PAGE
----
Receiving a term sheet from an investor can be an exciting time for you as a founder. But you shouldn’t let that excitement keep you from understanding and thinking critically about that term sheet. The better your grasp the terms presented, the more chance you’ll have of effectively starting your long-term investor relationship on the right foot and maximizing the probability of mutually successful outcomes.
Every founder and every deal is different, which means certain terms in a term sheet might have more or less significance depending on the context, but there are three in particular that universally matter.
Valuation is the financial worth assigned to a business. Unsurprisingly, it’s also typically the most talked about term on a term sheet because its a key driver in how much money everyone gets when the company exits and how much weight they have in making decisions.
When you’re looking at valuation, think about how to develop a fair calculation by factoring in your company’s current progress in acquiring customers, developing a product, and building a strong team. You also need to assess broader market conditions for how your company compares to others in your industry (known as “market comps”).
Coming up with a fair valuation will also help ensure your next round is not at a lower valuation than your current one (known as a “down round”). Ultimately, applying strong logic to your calculation will provide you a defensible range for your company’s valuation.
Just because valuation is the most talked about term doesn’t mean it’s the only economic one to understand, which is what brings us to liquidation preference.
2) Liquidation Preference
Liquidation preference determines in what order funds are returned to different stakeholders based on the particular class of stock they own.Basically, it means that when your company is sold or dissolved, some stakeholders will get their money (if there’s any to be had) ahead of others.
A typical structure for early stage investments is a 1x liquidation preference that is non-participating preferred. What this means is that at the point of exit, an investor is looking to at least return their investment amount (this is the reason why it is referred to as “1x”). If the exit is greater than the amount invested, then funds are returned to all classes of stock based on their percentage ownership (investor is only participating in the exit once which is why it is called “non-participating”).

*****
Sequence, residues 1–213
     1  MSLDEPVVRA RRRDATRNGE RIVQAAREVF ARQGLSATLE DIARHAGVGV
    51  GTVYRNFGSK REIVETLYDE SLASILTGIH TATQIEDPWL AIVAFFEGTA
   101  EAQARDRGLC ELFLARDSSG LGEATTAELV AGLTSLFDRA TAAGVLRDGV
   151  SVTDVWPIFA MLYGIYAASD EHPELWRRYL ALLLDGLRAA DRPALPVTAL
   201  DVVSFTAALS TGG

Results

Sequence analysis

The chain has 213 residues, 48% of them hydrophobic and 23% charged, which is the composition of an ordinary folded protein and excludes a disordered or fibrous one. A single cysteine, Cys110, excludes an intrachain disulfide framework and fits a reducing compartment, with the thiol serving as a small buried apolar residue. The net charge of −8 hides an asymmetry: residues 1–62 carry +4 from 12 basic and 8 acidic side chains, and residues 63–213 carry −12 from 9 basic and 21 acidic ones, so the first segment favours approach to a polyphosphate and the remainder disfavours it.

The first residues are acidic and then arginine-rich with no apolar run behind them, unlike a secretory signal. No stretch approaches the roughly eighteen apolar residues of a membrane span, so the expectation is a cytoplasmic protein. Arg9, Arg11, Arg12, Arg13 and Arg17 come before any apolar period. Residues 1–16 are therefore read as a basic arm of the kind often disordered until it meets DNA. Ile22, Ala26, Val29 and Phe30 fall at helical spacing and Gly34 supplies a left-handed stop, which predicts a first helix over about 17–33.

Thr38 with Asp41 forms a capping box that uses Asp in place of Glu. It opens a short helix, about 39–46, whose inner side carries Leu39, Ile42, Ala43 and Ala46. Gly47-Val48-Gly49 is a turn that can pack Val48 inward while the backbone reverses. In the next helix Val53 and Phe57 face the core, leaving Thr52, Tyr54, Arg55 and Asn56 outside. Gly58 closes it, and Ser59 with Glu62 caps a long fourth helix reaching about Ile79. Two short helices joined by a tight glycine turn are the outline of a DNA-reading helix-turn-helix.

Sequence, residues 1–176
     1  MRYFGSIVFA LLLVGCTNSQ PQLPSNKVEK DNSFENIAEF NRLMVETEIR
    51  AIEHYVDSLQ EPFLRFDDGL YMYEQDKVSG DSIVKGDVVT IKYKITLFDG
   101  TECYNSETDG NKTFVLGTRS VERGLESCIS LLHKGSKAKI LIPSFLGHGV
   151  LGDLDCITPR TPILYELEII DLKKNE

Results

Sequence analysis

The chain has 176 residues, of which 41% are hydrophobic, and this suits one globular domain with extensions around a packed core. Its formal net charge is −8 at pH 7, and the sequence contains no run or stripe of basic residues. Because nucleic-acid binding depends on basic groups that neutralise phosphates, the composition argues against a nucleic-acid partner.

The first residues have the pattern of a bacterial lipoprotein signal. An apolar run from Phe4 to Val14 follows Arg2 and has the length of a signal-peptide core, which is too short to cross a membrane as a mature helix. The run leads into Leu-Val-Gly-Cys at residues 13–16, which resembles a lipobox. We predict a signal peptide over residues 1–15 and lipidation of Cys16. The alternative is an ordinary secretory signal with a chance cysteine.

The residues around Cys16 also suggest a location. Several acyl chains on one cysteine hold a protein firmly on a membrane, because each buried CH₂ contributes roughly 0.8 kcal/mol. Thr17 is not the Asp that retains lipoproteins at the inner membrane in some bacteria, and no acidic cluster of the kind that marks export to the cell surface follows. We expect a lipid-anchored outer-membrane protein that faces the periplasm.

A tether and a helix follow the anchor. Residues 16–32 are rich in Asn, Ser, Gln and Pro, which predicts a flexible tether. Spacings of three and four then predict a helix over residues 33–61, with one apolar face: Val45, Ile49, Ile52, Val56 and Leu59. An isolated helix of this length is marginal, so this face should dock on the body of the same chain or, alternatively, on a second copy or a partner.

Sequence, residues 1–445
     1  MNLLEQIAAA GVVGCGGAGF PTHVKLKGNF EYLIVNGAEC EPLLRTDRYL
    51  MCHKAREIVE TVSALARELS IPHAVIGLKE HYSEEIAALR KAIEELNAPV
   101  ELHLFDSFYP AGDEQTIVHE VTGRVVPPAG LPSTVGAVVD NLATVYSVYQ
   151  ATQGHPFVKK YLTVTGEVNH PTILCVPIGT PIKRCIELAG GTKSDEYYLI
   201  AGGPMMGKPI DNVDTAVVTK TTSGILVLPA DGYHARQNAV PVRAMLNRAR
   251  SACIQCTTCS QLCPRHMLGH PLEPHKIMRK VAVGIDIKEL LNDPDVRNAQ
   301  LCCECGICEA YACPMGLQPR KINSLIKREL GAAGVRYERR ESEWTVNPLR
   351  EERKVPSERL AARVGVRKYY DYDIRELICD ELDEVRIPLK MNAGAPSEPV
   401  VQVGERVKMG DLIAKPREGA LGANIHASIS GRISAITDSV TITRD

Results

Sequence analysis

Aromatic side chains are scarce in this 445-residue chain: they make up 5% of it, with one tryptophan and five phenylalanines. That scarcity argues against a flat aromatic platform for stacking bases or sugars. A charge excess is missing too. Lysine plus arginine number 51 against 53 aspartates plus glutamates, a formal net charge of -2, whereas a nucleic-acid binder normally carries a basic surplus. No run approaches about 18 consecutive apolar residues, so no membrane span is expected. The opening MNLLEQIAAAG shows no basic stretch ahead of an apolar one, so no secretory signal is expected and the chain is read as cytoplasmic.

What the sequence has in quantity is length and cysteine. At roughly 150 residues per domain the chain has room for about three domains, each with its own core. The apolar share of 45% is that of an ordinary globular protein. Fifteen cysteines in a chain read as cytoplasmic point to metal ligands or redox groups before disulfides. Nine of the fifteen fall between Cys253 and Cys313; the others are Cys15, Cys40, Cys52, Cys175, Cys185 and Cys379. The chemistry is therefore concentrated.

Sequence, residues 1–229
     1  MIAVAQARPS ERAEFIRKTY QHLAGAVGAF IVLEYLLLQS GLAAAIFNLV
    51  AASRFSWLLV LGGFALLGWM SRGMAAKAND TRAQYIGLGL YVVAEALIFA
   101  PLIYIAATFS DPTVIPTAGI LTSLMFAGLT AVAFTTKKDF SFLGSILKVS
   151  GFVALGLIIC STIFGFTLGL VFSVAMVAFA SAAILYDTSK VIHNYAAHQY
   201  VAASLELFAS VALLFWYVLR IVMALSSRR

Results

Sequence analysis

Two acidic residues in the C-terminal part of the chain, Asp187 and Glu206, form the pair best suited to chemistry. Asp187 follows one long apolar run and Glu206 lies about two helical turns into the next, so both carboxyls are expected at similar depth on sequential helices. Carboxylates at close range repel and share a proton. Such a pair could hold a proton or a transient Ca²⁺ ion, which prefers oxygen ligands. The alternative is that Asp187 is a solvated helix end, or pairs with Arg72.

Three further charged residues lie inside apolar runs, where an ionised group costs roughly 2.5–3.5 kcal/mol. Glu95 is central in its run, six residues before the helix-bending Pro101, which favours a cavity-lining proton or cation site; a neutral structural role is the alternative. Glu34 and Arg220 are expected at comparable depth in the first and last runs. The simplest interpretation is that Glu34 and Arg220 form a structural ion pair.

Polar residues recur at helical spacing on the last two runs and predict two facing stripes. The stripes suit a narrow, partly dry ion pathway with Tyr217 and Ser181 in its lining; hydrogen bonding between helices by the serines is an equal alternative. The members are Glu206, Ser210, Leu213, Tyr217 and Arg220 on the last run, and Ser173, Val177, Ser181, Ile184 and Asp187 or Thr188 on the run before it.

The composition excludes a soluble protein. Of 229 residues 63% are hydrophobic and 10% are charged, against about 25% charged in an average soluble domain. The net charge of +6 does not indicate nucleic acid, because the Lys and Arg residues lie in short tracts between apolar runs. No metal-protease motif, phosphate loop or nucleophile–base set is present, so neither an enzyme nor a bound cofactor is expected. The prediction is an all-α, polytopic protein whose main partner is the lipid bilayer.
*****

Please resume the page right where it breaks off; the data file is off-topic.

3) Board Composition
Your Board of Directors is a group of either elected or appointed members who work together to oversee duties outlined in your company’s charter. Your board members make critical decisions about your company.
The term sheet will usually define who chooses the board members and how many people will participate on the board. Some board members will represent the common shareholders (e.g., founder/CEO) and some board members will represent the preferred shareholders (e.g., investor). In some instances, there also may be a board member that is chosen by both the common and preferred shareholders (known as the “Independent”). For early-stage companies there are typically two scenarios where there are either 3 or 5 board members which can be broken down in the way seen below.
The other element to understand is what percentage of the board needs to vote (e.g., majority, super majority) in order to approve certain critical decisions. It is important to ensure you have a voice on the board when it comes to critical decisions.
This post is part of the Hyde Park Angels Entrepreneurial Education Series, which brings together successful, influential entrepreneurs and investors to teach entrepreneurs everything they need to know about early-stage investment through events, articles, videos, and more. If you are interested in learning more about similar topics, register for “Connecting Corporations and Startups” on September 24.